Spring game will give brief look at Iowa State’s big, high-powered offense

Former Iowa State wide receiver Allen Lazard catches a pass on Nov. 3, 2016 at Jack Trice Stadium. 

Austin Anderson

Iowa State will get to take its big, new and fast offense out for a test drive on Saturday afternoon.

The highly anticipated debut of the offense, which could be one of the best in years, will see a wide array of bells and whistles for starting quarterback Jacob Park to use in the 2017 season.

This will be Park’s first spring game at Iowa State, but the Cyclones know what they have in the 6-foot-4 signal caller, so don’t expect Park to stay out there long.

In the first few series, however, Park will have some big — literally — options to throw to. Allen Lazard, the former Big 12 first-team wide receiver and future NFL draft pick, won’t sneak up on anybody. The two new additions to the offense are poised to make an impact as well. 

Matt Eaton, one of the top junior college wide receiver recruits in the country, stands at 6 foot 4 and has turned some heads this spring.

“He’s got some dynamic ability to him that when he moves on the field, you take notice,” wide receivers coach Bryan Gasser said. “He has a really good attack off the line and a really good attack in his routes. I think he’s going to be a guy that’s going to be fun to watch these next couple years.”

The other big target that Iowa State fans will get used to hearing is redshirt freshman Chase Allen.

Allen, a 6-foot-6 tight end, has been used inline as a traditional tight end, in the slot, as well as split out wide as a wide receiver this spring.

“I ain’t never had had receivers like this to throw to,” Park said. “There’s a point in time where we got four wide receivers you can put on the field, and I don’t know if there’s any defensive back in the country that can jump with any of them.”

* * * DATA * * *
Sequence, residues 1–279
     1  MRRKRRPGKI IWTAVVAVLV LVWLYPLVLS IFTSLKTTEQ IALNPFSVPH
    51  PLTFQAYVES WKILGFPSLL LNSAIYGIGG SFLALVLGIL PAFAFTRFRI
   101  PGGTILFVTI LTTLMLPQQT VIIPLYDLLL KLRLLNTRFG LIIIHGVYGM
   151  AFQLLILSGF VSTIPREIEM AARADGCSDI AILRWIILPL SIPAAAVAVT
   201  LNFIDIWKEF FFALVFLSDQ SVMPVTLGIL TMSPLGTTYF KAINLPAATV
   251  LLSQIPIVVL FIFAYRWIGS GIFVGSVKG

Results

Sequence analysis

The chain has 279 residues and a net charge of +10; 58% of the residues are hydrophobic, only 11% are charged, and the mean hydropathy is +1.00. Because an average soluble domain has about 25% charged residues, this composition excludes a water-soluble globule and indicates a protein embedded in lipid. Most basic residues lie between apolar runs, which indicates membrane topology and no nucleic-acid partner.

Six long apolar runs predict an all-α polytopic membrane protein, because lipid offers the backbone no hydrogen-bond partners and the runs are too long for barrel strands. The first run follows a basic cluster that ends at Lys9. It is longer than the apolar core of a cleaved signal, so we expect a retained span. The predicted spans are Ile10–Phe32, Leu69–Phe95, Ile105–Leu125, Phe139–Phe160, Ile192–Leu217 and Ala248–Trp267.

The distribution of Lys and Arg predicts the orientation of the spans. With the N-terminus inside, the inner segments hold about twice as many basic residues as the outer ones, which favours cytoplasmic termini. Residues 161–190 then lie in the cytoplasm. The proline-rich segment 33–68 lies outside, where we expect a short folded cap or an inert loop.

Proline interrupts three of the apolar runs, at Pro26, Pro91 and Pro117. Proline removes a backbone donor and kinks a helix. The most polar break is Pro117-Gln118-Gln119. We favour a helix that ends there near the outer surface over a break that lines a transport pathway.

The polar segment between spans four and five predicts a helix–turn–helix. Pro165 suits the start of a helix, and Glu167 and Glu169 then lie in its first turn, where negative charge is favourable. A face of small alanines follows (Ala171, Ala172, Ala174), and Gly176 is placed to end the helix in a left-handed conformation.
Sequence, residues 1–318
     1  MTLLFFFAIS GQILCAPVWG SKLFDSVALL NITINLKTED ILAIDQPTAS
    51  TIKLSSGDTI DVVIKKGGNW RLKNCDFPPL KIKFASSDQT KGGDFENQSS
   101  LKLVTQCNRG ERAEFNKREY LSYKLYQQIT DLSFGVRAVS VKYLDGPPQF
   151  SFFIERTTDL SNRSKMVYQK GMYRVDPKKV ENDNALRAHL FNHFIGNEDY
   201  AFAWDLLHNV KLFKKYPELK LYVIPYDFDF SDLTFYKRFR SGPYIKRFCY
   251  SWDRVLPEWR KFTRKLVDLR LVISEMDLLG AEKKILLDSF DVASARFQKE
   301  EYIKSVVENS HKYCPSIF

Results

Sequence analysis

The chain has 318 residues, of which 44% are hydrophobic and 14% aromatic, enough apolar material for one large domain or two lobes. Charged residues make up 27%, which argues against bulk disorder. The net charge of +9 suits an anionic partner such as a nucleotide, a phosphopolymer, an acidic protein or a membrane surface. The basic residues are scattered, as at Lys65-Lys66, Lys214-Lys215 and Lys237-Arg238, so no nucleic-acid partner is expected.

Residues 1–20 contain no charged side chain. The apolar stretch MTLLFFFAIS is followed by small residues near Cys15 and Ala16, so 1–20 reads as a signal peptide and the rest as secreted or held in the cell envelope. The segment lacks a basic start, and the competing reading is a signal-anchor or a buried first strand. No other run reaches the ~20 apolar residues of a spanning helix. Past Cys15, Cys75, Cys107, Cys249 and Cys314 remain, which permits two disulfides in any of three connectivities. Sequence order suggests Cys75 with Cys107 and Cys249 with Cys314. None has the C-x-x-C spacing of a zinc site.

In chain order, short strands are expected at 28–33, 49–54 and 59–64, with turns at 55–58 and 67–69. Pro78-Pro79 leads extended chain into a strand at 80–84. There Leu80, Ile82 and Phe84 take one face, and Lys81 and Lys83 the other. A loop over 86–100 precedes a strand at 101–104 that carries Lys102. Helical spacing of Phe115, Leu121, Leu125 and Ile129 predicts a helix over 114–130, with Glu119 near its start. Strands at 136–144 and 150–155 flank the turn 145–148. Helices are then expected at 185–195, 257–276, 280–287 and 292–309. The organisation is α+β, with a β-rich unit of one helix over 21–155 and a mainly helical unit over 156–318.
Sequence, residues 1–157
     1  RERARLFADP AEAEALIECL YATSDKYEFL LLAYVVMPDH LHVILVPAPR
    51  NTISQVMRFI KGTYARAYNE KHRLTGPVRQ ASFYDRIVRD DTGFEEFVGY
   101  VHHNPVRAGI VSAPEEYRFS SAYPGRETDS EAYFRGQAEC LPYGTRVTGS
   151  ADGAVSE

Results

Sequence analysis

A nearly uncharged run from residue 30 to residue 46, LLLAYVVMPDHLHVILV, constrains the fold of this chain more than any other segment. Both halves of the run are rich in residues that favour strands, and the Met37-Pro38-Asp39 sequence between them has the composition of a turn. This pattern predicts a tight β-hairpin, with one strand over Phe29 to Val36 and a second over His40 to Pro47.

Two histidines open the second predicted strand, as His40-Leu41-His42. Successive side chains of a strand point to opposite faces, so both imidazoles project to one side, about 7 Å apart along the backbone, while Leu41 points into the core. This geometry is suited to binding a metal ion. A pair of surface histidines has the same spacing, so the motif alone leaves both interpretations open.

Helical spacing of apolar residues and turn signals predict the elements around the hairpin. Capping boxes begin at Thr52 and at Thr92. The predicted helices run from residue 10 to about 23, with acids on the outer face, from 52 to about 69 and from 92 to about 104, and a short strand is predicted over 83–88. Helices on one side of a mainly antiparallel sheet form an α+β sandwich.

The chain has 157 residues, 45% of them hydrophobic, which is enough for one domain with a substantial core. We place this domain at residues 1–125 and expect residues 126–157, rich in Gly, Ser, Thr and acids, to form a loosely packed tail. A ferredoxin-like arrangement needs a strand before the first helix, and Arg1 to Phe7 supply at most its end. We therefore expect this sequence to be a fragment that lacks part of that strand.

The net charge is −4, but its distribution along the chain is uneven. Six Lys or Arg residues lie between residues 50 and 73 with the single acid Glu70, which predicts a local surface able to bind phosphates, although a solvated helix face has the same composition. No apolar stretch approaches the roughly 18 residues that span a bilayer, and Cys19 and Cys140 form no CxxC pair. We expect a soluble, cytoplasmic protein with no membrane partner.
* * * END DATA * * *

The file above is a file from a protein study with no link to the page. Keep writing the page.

The size from Lazard, Eaton and Allen will be joined by 6-foot-6 Hakeem Butler as well as speedier receivers Deshaunte Jones and Trever Ryen.

Ryen is a sprinter on the track team, and Jones was the team’s big-play threat last season as a true freshman.

“He led the team in explosive plays for us,” Gasser said. “He was one of the most explosive freshmen in the country last year.

With that being said, the high-powered Iowa State offense is only likely to be on the field in limited action. The spring game is a place for young guys and players battling for playing time to stand out in a game setting.

A couple of those spots rest up front on the Iowa State offensive line.

Bryce Meeker is the only returner to start a game last season on the offensive line outside of Julian Good-Jones. In a scrimmage earlier this spring, Meeker was a starter, but with the return of Jake Campos from a leg injury that kept him out last season, he might be pushed down on the depth chart.

Still, coach Matt Campbell said Meeker has stood out so far.

“[He’s] been a pleasant surprise for us,” Campbell said.

The spring game, as always, will be a chance for fans to get excited about what the team has, and for the coaches to see players prove what they can do.

“Figure out who are our guys we can really count on going into the summer and those guys maybe we can’t count on yet,” Campbell said. “What do they need to do in the next three to four months to give themselves a chance to help us be successful next fall?”